... it's not that I'm not interested in history. I am. But when I start feeling that my history is being claimed by some purely Malay, nationalistic, separate-from-everybody-else's history, then it upsets me, because it's just not true. Our history — the Chinese, the Indians, the different types of Malay [Malaysians] — are all touched by everybody else. And we should be aware of that, and we should give credit for that.The Nut Graph interviews Confessions of an Old Boy author Kam Raslan about his childhood, his Malay heritage, and the book on Malaysian histories he's currently working on. Says Kam :
It's going to be about people's history, not top-down; I want to ignore the great leaders. I've been spending a lot of time in the archives, reading about everyday people who lived here then. There was this thing called the Selangor Journal, which was the precursor to the Malay Mail; it mentioned a Professor Lawrence, a balloonist who came to town in 1890s, and he asked for money so he could get his balloon up in the air, take people up and get a look at Kuala Lumpur.And I for one can't wait to read it.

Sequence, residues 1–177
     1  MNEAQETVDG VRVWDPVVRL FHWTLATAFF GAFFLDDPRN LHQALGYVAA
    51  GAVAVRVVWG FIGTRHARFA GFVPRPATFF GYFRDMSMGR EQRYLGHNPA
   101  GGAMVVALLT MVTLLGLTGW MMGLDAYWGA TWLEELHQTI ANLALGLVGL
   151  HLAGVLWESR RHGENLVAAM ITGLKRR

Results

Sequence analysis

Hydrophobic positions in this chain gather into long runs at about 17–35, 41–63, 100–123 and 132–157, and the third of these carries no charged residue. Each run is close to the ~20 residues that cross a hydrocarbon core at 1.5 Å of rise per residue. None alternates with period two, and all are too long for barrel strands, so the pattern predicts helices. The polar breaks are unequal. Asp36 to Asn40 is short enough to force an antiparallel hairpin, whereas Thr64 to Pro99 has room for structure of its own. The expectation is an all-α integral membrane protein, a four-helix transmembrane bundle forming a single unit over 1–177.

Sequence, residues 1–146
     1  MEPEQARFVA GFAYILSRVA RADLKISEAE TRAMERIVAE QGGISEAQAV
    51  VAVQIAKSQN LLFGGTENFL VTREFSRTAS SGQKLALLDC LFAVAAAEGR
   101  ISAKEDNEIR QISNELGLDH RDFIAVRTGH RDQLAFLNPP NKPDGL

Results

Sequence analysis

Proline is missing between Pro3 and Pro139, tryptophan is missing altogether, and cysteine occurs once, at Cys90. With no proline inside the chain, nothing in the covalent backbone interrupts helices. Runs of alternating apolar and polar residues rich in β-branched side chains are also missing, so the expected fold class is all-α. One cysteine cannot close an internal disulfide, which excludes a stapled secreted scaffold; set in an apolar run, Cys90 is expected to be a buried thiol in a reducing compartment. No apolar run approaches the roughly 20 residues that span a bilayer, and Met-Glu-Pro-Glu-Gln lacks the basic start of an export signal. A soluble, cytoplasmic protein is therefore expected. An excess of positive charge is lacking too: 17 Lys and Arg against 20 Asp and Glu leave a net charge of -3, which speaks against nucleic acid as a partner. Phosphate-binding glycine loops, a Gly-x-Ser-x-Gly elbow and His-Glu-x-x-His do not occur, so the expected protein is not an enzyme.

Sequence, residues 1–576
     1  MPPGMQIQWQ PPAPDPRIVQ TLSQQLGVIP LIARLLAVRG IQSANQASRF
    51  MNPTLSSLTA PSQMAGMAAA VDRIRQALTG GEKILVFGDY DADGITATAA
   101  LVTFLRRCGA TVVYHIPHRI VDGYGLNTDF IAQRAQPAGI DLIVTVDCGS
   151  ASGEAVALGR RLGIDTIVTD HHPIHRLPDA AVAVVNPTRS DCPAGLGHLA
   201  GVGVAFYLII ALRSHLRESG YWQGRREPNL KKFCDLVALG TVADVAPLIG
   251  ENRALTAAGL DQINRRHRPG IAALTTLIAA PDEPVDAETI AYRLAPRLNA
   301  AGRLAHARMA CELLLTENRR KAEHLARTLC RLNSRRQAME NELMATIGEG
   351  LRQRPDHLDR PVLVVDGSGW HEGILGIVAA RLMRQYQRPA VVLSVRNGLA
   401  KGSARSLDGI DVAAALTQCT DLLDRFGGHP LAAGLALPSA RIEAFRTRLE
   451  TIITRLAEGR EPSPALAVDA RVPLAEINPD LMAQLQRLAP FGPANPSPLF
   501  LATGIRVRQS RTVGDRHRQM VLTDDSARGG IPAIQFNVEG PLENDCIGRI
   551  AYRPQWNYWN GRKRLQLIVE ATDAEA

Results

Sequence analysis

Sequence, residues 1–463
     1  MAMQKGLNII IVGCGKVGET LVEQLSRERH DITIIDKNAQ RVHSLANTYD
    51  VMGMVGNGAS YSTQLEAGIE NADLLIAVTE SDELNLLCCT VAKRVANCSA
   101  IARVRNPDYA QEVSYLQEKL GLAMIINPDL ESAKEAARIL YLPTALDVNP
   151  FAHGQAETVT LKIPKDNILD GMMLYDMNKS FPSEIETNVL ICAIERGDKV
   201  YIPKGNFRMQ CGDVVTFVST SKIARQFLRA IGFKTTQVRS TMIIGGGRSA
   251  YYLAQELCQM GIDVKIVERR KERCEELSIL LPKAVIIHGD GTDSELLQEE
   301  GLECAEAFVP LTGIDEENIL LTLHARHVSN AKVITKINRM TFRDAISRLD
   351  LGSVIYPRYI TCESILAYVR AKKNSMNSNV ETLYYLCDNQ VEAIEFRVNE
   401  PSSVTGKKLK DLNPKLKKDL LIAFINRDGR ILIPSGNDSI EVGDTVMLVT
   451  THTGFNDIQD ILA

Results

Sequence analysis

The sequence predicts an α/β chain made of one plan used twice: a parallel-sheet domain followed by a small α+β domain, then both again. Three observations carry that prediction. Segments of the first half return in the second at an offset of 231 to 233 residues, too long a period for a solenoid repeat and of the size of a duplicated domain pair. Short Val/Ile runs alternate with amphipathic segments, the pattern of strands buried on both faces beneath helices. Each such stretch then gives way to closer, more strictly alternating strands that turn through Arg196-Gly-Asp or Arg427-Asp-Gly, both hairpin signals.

So he got money from some towkay, and over at the Chinese Club — I have no idea what the Chinese Club is— he took the balloon up. It struck me that that would have been the first time anyone had had an aerial view of Malaysia then. So I want to write about what they saw, what was beneath them in KL at the time.
It's not going to be the story of sultans; it's the little stories — stories about "nothing" that say plenty.